Paget’s disease of bone is a chronic disorder that results in enlarged and deformed bones in one or more regions of the skeleton. Excessive bone breakdown and formation can cause the bone to weaken. As a result, bone pain, arthritis, noticeable deformities and fractures can occur.
Prevalence in the population ranges from 1.5 percent to 8 percent depending on the person’s age and area of the world where he or she lives. Men and Women are affected equally. A combination of environmental and genetic factors contribute to the disease. Several genes are linked to the disease.
Bone pain is the most common symptom, it often localizes to areas adjacent to the joints. Any bone can be affected in Paget’s disease. Paget’s disease occurs most frequently in the spine, skull, pelvis and bones of the lower extremities. Some patients will have only one affected bone, while others may have two, three, or more affected bones.
Headaches and hearing loss may occur when Paget’s disease affects the skull. Pressure on nerves may also occur when the skull or spine is affected.
Deformities of bone such as an increased head size, bowing of a limb, or curvature of the spine may occur in advanced cases. These deformities are due to enlargement and/or weakening of the affected bones.
Bones weakened by Paget’s disease can break more easily than healthy bones. Damage to the cartilage of joints adjacent to the affected bone may lead to arthritis.
During the physical exam, doctor will examine areas of the body that are causing pain. Then X-ray and bone scan along with blood tests can be done to confirm the diagnosis.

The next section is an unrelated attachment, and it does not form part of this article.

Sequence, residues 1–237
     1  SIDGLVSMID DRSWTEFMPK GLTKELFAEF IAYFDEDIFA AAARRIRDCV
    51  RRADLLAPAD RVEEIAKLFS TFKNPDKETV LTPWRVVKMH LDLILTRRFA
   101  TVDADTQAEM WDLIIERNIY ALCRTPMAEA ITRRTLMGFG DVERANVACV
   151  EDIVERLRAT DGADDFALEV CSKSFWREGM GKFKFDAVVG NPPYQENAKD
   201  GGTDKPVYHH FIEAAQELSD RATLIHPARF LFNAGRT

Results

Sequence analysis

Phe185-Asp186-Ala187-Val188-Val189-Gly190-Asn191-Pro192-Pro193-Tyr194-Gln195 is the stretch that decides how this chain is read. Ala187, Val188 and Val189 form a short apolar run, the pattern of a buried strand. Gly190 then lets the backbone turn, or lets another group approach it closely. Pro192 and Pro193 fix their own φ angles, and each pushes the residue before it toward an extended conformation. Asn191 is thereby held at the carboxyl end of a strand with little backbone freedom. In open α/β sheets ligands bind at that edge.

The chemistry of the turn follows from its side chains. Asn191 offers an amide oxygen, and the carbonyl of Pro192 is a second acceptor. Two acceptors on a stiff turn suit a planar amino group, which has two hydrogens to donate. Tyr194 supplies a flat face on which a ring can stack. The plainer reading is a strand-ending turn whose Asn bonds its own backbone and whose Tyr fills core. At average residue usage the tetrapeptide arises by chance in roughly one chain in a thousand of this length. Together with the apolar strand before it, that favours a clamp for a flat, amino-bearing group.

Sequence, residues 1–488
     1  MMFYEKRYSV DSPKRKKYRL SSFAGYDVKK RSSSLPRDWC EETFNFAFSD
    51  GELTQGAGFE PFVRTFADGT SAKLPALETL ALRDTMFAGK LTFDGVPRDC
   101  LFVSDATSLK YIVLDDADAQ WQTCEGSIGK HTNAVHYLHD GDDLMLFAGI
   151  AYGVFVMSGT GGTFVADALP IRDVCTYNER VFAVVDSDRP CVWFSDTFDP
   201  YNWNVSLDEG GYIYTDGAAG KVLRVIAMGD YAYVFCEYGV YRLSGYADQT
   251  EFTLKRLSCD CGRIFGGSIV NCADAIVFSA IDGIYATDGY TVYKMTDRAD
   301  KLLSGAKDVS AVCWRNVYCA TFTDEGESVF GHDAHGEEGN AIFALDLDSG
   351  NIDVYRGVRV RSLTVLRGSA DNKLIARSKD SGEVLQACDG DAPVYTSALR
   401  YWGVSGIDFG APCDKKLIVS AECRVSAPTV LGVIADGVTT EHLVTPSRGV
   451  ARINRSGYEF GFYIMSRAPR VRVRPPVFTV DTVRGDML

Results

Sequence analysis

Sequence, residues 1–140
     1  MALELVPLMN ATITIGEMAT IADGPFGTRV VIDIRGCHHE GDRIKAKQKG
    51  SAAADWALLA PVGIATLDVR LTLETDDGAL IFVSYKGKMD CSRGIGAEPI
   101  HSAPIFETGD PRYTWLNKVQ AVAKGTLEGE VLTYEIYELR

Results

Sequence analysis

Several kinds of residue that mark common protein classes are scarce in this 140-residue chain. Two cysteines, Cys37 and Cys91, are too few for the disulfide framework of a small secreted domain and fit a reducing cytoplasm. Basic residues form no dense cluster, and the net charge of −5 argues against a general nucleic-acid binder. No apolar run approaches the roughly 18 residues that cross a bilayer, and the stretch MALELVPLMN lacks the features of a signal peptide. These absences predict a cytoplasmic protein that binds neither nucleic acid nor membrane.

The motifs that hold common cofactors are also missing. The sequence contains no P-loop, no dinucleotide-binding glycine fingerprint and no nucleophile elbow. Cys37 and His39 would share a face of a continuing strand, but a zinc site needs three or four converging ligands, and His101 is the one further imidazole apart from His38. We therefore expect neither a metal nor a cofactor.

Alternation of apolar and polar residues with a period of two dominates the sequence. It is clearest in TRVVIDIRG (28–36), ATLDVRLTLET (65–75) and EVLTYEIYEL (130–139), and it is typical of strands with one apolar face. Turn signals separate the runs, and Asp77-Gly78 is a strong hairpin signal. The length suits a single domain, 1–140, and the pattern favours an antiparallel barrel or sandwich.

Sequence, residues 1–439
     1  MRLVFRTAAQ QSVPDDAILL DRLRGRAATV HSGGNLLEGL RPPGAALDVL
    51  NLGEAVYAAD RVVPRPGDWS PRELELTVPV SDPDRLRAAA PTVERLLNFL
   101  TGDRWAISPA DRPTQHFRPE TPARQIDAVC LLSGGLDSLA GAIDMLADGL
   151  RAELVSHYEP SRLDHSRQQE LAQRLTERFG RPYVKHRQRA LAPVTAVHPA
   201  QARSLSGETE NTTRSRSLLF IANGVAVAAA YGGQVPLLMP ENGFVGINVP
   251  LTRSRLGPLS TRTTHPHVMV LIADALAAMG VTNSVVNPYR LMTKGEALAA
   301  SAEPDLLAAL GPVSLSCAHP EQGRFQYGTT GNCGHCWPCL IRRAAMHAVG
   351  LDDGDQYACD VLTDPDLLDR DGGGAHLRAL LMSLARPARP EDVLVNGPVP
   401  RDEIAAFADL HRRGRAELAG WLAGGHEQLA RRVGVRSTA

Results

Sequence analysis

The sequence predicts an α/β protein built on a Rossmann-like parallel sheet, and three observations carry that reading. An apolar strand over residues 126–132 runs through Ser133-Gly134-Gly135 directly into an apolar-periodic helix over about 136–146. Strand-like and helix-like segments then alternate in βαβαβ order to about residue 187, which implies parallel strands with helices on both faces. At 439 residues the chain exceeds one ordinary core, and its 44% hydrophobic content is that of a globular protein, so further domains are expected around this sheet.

X-rays. X-ray images of your bones can show areas of bone resorption, enlargement of the bone and deformities that are characteristic of Paget’s disease of bone, such as bowing of your long bones.
Bone scan. In a bone scan, radioactive material is injected into your body. This material travels to the spots on your bones most affected by Paget’s disease of bone, so they light up on the scan images.
People who have Paget’s disease of bone usually have elevated levels of alkaline phosphatase in their blood, which can be revealed by a blood test. Patients who have a very small area of involved bone may have a normal test but a bone scan may be abnormal.
The goal of treatment is to normalize Paget’s disease activity for a prolonged period of time. If you don’t have symptoms, you may not need treatment. However, if the disease is active as indicated by an elevated alkaline phosphatase level and is affecting high-risk sites in your body, such as your skull or spine, you might need treatment to prevent complications, even if you don’t have symptoms.
Bisphosphonates are the most common treatment for Paget’s disease of bone. Some bisphosphonates are taken by mouth, while others are given by injection. Oral bisphosphonates are generally well-tolerated, but may irritate your gastrointestinal tract. Also, an adequate dietary calcium intake (1000-1500 mg daily) and vitamin D intake (400 units) are recommended during bisphosphonate use.
If Bisphosphonates cannot be tolerated, calcitonin (Miacalcin), a naturally occurring hormone involved in calcium regulation and bone metabolism can be used. Calcitonin can be administer to yourself by injection or nasal spray. Side effects may include nausea, facial flushing and irritation at the injection site. It is generally less effective than bisphosphonates.
In rare cases, surgery might be required to:
Help fractures heal
Replace joints damaged by severe arthritis
Realign deformed bones
Reduce pressure on nerves
The course of Paget’s disease varies greatly and may from completely stable to rapid progression. In general, symptoms progress slowly in affected bones. Treatment can control Paget’s disease and lessen symptoms but is not a cure. If treatment is given before major changes have occurred, outcome is good. If left untreated, Paget’s disease can cause serious complications, depending on which bones are affected.